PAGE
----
UNC's Bullock has opportunity to carry team
JAN 23, 2013 7:28a ET
The junior small forward for North Carolina is playing the best basketball of his career and there’s still plenty of room before his ceiling even enters into the picture.
Bullock’s most recent sample was in last Saturday’s 62-52 victory over Maryland: He finished with a career-high 24 points, which included 21 before halftime. In fact, the 6-foot-7 native of Kinston, N.C., outscored the Terrapins all by himself by a point in the first half.
The first-half eruption gave hard-to-please Maryland coach Mark Turgeon another opportunity to take a typical swipe at his team, though this was justified, but only because of Bullock’s effectiveness.
“We let Reggie get going early, acted like we didn’t even know he was out there a couple of times,” Turgeon said.
Bullock took the game in stride. He doesn’t appear comfortable making it about him, so don’t expect much gloating.
“We have young guys but me and Mac (forward James Michael McAdoo) played a lot of minutes for coach Williams last year, so we know how he wants thing to be run,” Bullock said. “So we tell the younger guys that it’s up to them to believe us and believe in the talent they have and go out there and do the things that can do.”
McAdoo did his part versus the Terrapins, scoring 19 points and grabbing 11 rebounds, good for his fifth double-double of the season. But Bullock’s start — scoring UNC’s first eight points — was enormous in infusing this temperamental team that carried a 22-point lead the locker at the intermission.
It served as North Carolina’s second-consecutive passionate start, which is a major step forward for this developing team. If the veterans and leaders, of which Bullock has recently established himself, raise their games and remain there, the Tar Heels (12-5, 2-2 ACC) could be a factor in the ACC.
Bullock is doing his part in his last six games. He’s averaging 17.3 points and grabbing seven rebounds in that stretch, and has converted 19-of-39 3-point attempts (48.7 percent) during that stretch.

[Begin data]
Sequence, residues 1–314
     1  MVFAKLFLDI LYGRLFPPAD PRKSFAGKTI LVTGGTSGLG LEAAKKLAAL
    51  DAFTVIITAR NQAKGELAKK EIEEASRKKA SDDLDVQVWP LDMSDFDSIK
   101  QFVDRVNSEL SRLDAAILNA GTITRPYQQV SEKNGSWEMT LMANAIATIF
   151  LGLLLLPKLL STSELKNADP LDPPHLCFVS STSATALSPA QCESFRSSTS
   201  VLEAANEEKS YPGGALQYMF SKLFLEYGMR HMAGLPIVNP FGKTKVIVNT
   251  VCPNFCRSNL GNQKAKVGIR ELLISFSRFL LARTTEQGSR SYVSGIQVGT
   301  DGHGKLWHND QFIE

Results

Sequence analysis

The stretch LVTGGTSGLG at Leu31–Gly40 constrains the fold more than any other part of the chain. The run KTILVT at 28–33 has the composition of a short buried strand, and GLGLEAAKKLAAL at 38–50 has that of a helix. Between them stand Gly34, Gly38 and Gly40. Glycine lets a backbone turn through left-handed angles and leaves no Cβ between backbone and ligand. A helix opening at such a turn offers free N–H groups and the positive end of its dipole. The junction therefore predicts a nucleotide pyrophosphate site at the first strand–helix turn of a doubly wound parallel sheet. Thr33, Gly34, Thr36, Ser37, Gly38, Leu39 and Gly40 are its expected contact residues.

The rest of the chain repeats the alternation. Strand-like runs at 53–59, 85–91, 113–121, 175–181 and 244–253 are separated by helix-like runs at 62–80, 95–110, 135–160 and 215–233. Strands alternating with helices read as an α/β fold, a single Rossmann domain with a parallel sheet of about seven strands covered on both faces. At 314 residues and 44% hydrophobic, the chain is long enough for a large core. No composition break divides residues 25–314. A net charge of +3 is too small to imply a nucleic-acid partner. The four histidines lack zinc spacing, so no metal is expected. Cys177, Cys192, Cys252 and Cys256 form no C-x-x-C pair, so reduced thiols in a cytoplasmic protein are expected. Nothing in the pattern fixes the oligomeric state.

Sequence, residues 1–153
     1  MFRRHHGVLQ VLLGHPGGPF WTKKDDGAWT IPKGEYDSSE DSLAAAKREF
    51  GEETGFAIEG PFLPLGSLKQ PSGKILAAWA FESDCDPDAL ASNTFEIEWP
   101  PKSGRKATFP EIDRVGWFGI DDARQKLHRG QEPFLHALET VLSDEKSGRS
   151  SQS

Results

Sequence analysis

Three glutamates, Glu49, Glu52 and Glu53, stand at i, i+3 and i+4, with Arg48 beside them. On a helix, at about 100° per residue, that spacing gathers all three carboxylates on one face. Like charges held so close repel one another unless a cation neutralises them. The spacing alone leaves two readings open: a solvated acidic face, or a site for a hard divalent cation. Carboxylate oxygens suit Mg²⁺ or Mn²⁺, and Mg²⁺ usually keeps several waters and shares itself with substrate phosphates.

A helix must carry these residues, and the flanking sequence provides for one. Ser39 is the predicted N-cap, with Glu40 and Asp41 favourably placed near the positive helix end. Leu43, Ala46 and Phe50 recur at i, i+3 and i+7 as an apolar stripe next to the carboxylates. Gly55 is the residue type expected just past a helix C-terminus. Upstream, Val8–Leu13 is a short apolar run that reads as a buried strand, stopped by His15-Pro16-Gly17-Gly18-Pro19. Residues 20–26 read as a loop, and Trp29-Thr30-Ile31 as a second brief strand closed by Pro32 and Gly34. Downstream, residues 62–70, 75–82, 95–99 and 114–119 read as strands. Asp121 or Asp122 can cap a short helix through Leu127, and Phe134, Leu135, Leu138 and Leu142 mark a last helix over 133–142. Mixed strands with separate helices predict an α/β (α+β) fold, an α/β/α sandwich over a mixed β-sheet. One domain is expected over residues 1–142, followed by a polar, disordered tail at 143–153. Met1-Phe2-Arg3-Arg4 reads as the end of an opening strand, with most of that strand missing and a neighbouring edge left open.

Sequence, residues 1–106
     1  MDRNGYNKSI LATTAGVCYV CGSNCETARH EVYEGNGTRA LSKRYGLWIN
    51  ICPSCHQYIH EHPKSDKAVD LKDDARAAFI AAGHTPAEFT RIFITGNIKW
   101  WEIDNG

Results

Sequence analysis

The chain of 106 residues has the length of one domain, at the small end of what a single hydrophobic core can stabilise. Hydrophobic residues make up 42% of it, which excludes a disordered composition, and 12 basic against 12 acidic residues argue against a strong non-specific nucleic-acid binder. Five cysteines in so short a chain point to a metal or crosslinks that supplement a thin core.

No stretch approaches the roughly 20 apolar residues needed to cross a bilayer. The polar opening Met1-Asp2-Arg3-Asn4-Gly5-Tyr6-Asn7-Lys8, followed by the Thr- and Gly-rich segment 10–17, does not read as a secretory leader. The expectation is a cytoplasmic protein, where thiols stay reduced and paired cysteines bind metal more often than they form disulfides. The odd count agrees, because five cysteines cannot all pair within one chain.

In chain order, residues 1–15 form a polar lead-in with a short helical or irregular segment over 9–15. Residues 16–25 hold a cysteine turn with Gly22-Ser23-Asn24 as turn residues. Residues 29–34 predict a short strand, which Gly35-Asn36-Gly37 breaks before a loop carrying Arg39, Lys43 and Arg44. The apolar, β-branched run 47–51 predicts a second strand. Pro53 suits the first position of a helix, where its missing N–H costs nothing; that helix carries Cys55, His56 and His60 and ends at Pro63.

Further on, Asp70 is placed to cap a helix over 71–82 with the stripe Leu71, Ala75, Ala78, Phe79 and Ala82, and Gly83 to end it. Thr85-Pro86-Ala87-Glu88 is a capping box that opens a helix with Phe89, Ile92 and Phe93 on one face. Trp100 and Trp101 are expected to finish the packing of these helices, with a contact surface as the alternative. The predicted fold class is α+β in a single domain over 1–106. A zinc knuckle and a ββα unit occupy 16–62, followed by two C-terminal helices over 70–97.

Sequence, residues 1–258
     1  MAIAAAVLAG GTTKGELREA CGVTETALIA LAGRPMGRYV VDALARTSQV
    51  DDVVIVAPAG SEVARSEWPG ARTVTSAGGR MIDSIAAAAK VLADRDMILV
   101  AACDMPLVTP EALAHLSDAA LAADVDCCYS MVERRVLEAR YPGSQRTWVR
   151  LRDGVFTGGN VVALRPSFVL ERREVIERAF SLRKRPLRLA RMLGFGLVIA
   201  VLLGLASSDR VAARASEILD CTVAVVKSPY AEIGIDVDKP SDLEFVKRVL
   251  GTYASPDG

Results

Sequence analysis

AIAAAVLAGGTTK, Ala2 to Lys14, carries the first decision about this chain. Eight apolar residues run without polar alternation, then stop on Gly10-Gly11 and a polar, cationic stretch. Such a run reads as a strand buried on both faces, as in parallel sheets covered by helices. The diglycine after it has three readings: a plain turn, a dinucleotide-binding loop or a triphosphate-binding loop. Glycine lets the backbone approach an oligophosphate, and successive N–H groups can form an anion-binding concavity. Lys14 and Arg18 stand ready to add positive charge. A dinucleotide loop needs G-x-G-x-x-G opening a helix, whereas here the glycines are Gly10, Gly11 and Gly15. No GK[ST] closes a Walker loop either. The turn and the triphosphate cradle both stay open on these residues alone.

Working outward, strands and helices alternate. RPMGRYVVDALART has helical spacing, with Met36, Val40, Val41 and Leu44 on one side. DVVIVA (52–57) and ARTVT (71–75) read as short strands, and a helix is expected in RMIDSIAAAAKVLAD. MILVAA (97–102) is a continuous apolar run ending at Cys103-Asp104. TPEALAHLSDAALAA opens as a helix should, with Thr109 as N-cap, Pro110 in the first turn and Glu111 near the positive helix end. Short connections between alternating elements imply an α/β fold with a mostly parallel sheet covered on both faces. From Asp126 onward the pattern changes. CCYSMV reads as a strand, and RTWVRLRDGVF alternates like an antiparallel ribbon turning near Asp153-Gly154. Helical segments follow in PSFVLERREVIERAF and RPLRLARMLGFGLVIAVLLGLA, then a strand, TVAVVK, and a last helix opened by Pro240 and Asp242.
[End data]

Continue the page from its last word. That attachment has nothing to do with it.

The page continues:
With such long arms, Bullock’s length makes him especially difficult to defend on the perimeter. Then, consider his ability to catch the ball, square to the basket and let it fly in one smooth, quick motion. That's what truly makes him so lethal. When you watch him catch, square and shoot it’s easy to envision years of working hard in varying conditions when few people or no one is watching. Shooters aren’t born, they are made.
“I’ve worked on it in every kind of condition,” Bullock said about his jump shot. “Rain, ice, real hot in gyms with no air conditioning in the summer, after midnight. It’s what you have to do to be great.”
But the most intriguing thing about Bullock is the attention he pays to every other aspect of the game, including its nuances. Coming off a screen properly or rotating to pick up someone on defense are just as important to him as knocking down a 3 from the wing.
“The little things are important to him because he wants to win so badly,” senior guard Dexter Strickland said. “That also makes playing with Reggie easy.”
Bullock and the Tar Heels aren’t anywhere near where their personnel suggests they should be as a team. Hosting Georgia Tech on Wednesday night and visiting rival N.C. State on Saturday night are opportunities to continue layering the recent positives. That’s growth.
It won’t be easy, because UNC still lacks a true post game, but with Bullock leading the way and players such as McAdoo following as examples for the younger Heels, this team can come out on the other end of the season having achieved something.
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